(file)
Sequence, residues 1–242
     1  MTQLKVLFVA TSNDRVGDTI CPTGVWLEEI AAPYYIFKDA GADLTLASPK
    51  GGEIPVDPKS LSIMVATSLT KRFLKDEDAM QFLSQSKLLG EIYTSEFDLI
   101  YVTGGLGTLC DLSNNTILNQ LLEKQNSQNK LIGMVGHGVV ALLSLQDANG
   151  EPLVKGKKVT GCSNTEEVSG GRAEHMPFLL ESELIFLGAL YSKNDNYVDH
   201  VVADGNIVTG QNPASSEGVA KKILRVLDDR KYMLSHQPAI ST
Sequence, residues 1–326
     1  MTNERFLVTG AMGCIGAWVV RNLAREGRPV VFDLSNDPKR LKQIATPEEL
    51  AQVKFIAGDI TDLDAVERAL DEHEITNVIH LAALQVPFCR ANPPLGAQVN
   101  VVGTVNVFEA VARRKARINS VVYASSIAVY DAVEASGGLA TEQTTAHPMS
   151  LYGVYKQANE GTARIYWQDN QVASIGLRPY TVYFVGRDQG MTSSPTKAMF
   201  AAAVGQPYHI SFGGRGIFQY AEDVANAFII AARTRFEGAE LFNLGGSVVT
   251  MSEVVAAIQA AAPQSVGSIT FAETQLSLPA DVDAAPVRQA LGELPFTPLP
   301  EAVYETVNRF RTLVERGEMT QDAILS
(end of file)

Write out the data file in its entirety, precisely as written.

Sequence, residues 1–242
     1  MTQLKVLFVA TSNDRVGDTI CPTGVWLEEI AAPYYIFKDA GADLTLASPK
    51  GGEIPVDPKS LSIMVATSLT KRFLKDEDAM QFLSQSKLLG EIYTSEFDLI
   101  YVTGGLGTLC DLSNNTILNQ LLEKQNSQNK LIGMVGHGVV ALLSLQDANG
   151  EPLVKGKKVT GCSNTEEVSG GRAEHMPFLL ESELIFLGAL YSKNDNYVDH
   201  VVADGNIVTG QNPASSEGVA KKILRVLDDR KYMLSHQPAI ST
Sequence, residues 1–326
     1  MTNERFLVTG AMGCIGAWVV RNLAREGRPV VFDLSNDPKR LKQIATPEEL
    51  AQVKFIAGDI TDLDAVERAL DEHEITNVIH LAALQVPFCR ANPPLGAQVN
   101  VVGTVNVFEA VARRKARINS VVYASSIAVY DAVEASGGLA TEQTTAHPMS
   151  LYGVYKQANE GTARIYWQDN QVASIGLRPY TVYFVGRDQG MTSSPTKAMF
   201  AAAVGQPYHI SFGGRGIFQY AEDVANAFII AARTRFEGAE LFNLGGSVVT
   251  MSEVVAAIQA AAPQSVGSIT FAETQLSLPA DVDAAPVRQA LGELPFTPLP
   301  EAVYETVNRF RTLVERGEMT QDAILS